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Old 01-24-2020, 09:16 PM   #1
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90-min film from 1963 by Eric and Susan Hiscock, legendary small boat navigators that was recently posted to Cruisers Forum . My Willard 36 is one of 39 hulls struck in roughly the same period - from 1961 to 1970. At the time, sisterships ventured great distances well before advent of radar, VHF, and Loran.

Simplicity of their 3-year circumnavigation is an interesting counterpoise to recent TF threads on what it takes to be a passagemaker - redundancy, certain boat, lots of money, etc. Not saying this is the right answer, but it is helpful to see what can be done with decent seamanship skills.

Peter

https://youtu.be/g_RHHIV4u1k
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Old 01-25-2020, 09:14 AM   #2
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Very impressive! And they were not spring chickens when they set sail on this adventure.

I have no desire to do anything like this, but like learning about people who go on these extreme (to me) adventures. Thanks for the link!

Edit: OMG it appears they hand steered with a tiller all the way around the world?
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Old 01-25-2020, 12:04 PM   #3
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Originally Posted by cardude01 View Post
OMG it appears they hand steered with a tiller all the way around the world?
Eric Hiscock was in his late 40's when they left on this trip in the late 1950's. Sailing had not changed in a couple hundred years at this point, tafrail log, lead-line, etc. Paper charts had improved, but not much. When I was delivering along the Pacific Coast in the late 1990's/early 2000's, there were long stretches of the central California coast where charts dated to the late 1800's. Amazingly, when Drake careened his Golden Hind ship in the mid 1500's in what is now Drakes Bay, 30 nms north of the Golden Gate, he didn't know San Francisco Bay existed as he needed to stay well offshore to stay safe in prevailing on-shore winds and seas.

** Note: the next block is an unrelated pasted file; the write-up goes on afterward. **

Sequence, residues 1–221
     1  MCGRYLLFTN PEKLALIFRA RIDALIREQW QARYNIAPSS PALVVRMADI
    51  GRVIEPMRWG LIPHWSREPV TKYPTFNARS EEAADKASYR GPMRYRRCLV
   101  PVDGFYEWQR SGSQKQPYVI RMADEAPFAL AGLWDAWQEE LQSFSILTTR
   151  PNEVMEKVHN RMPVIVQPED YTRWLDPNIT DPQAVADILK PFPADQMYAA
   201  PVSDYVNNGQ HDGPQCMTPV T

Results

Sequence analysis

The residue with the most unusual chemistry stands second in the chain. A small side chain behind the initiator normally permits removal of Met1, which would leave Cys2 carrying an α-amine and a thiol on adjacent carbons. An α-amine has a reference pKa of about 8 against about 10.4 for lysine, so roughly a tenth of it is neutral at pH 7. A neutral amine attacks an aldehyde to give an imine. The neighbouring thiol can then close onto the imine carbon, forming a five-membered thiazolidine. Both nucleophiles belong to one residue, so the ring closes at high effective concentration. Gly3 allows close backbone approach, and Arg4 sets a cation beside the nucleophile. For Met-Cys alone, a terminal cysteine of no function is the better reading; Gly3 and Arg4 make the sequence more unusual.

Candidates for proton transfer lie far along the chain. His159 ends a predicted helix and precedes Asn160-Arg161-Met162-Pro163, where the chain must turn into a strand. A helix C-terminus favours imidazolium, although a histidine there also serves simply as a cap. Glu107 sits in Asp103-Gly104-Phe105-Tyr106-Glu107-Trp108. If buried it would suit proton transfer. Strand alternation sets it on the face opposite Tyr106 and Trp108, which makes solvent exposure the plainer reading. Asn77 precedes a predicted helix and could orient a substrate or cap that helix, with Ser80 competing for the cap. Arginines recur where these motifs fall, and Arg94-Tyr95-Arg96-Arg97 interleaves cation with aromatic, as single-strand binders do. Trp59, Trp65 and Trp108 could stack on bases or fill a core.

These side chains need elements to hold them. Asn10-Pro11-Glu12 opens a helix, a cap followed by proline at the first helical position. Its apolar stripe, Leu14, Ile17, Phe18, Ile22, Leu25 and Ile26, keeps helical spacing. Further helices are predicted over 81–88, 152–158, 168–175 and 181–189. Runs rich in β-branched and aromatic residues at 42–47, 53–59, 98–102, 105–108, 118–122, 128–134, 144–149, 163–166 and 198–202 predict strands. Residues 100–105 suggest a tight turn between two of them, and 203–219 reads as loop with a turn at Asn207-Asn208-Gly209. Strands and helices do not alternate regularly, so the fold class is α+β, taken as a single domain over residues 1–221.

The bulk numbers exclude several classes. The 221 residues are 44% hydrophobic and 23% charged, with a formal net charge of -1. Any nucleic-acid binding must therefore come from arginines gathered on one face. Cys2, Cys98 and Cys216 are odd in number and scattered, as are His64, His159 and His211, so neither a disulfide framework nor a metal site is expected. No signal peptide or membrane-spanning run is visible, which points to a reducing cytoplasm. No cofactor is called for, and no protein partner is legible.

I saw an interview of Lin and Larry Pardey from the mid 1990's. They were younger than the Hiscocks, but met them several times and were heavily influenced by them. Apparently, self-steering windvanes were invented shortly after this voyage, and the very first one was installed on the Hiscock's boat.

Personally, I find stories such as this humbling, and amazed that in a mere 60-years, technology has advanced to where cruising is viable for a huge percentage of people such as myself. But still, I admire the simplicity, self reliance, and independence of folks like the Hiscocks and the Pardeys. And I admire their give-back attitude to further the sport of sailing and cruising. I wonder what they would think of the Patreon generation of novice sailors with plastic smiles and click-bait bathing suits who's claim to fame is video editing.

From my point of view, we carry too much stuff on our boats. So much that the care and feeding of so many systems are a distraction and ultimately become reasons to not leave port. Maybe we have evolved too far.
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Old 01-25-2020, 12:30 PM   #4
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Oh, late 40s certainty isn’t old! I’m a bad age guesser!

Watching the movie when they rigged the two small “wing on wing” sails so the boat would self steer, I noted that he said they would roll 32 DEGREES at times.
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Old 01-25-2020, 02:50 PM   #5
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Thanks for posting the link. Apart from its inherent interest as the chronicle of an epic voyage, it's also something of a time capsule. Fascinating.
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